The same question has often been posed to interpreters after the Second World War: how to reconcile in Antonio Labriola the claim of the theoretical and political autonomy of the proletariat, achievable through a complex process of revolutionary self-education, with the judgment on the political-pedagogical adequacy of the colonial subjugation of non-European peoples? With this work, we intend to return to these questions using as a “visual angle” (to borrow an expression often used by the philosopher) the node of the relationship between politics and education in his Marxist thought.

The centrality of pedagogical problems in the reflection and biography of Antonio Labriola, who has always been involved in the world of school, education and training, is well known. Some scholars highlighted the pedagogical dimension of all his reflection – “always projected towards the future, towards a transformation for the better of the situation, through man’s education, his enlightenment, his becoming more lucid, more rational, placed in a better society ” (E. Garin) –, giving rise to a series of investigations about Antonio Labriola as “educator” and “perpetual master”.

Some interpreters then indicated what is the appropriate coefficient of this pedagogical commitment: the “ethical-political purpose” that remains unchanged throughout its trajectory. “It is a desperate task” – wrote Garin – “to try to understand his thought without referring to his political-pedagogical activity, both in the moderate period and in the socialist moment”. This is a relationship of reciprocity: on the one hand, the approach to educational problems always starts from a general framework of a political nature; on the other hand, politics is always a work of education, of developing collective conscience and conscientization, an attempt to promote general intellectual and moral progress. However, the concrete forms in which this profound motif of Antonio Labriola's thought is expressed change radically at different moments in the development of his political and intellectual trajectory, in equally different historical contexts.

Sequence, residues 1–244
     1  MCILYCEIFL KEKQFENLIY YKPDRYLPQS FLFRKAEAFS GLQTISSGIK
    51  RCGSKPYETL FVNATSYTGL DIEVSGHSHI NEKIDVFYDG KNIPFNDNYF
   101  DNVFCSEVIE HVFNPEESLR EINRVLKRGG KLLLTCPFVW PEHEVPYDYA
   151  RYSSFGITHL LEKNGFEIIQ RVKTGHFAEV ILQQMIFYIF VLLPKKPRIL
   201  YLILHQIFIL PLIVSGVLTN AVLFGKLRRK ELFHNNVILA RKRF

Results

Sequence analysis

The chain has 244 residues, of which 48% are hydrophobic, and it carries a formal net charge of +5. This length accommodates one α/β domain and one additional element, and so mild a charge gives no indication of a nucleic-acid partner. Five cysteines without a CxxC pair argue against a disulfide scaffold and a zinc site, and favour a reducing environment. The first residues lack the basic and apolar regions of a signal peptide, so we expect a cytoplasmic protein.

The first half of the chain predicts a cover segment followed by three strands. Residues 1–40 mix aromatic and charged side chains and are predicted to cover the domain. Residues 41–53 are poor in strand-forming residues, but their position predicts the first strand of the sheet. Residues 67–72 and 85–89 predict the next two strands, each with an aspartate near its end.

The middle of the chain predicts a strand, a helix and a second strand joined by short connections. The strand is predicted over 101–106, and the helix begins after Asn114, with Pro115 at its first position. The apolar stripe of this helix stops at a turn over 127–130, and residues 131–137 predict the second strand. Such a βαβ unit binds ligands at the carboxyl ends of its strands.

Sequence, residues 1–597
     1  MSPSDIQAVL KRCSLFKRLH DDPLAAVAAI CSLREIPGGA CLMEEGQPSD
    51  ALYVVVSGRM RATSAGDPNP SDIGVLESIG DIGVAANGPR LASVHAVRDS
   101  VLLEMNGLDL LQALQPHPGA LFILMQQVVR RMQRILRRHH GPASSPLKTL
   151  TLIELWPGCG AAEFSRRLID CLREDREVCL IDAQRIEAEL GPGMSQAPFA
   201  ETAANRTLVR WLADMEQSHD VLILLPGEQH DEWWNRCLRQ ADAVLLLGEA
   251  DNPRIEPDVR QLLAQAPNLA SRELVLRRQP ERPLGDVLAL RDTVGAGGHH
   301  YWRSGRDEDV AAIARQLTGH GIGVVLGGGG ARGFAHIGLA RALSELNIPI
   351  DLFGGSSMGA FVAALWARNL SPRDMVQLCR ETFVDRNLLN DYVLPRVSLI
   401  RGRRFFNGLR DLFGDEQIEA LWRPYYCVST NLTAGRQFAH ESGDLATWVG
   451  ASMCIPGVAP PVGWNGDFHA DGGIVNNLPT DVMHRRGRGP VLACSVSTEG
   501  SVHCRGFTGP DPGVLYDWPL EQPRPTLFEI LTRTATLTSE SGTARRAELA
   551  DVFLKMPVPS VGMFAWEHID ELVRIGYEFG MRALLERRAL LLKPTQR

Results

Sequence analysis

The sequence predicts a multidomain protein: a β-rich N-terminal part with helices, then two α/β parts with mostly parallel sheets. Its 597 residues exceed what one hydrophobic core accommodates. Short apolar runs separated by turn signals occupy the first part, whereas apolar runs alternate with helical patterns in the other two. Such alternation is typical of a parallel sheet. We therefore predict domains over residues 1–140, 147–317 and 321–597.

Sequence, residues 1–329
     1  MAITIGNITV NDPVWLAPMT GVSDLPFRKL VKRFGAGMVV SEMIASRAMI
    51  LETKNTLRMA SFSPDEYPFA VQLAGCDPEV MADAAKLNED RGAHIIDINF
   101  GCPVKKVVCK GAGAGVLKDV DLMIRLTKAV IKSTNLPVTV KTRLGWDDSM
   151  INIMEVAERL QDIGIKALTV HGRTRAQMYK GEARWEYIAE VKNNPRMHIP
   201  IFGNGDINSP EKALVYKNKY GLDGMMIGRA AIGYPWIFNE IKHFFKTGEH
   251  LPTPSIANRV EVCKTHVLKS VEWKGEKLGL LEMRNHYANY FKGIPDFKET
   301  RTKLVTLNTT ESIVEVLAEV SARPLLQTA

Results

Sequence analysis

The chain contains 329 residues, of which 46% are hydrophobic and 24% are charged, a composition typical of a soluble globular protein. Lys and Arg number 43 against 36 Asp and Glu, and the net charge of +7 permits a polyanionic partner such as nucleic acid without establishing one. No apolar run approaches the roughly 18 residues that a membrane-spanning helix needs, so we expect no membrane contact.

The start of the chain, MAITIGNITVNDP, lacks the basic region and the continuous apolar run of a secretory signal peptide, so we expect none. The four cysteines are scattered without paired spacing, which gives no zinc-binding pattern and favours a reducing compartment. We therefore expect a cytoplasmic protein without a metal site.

The relationship between education and politics undoubtedly represents a privileged point of observation to appreciate the development of Antonio Labriola's thought. It is impressive, however, to see the substantial absence, in the last phase of his itinerary, of writings and interventions explicitly dedicated to the themes of school and pedagogy, even though he continues to teach this subject regularly at the University. For what reasons? How, in the years of Marxism, was the link between education and politics redefined? How does the Marxist Labriola conceive the problem of the formation of the human being?

What directions does he indicate in order to face the question of the cultural backwardness of the masses? In what terms is the theme of formation of the revolutionary historical subject conceived by him, being treated as a pedagogical problem? How do these interrogatives relate to the political commitment and philosophical reflections expressed in the Essays around the materialist conception of history? Why, finally, does he come to consider colonial conquests necessary passages for the advancement of non-European peoples? If it becomes evident that, in the economy of his discourse, the general political-ethical-pedagogical function passes, as a Marxist, “from the State to the workers' movement” (S. Cingari), one has the impression that many questions remain open.

*Massimo Gabella he holds a doctorate in philosophy from the Scuola Superiore di Studi Storici at the University of San Marino.

Excerpt from the book's introduction La rivoluzione come pedagogical problem. Politics and education in Marxism by Antonio Labriola (1890-1904). Bologna, the Mulino, 2022.

Translation: Paulo Butti from Lima.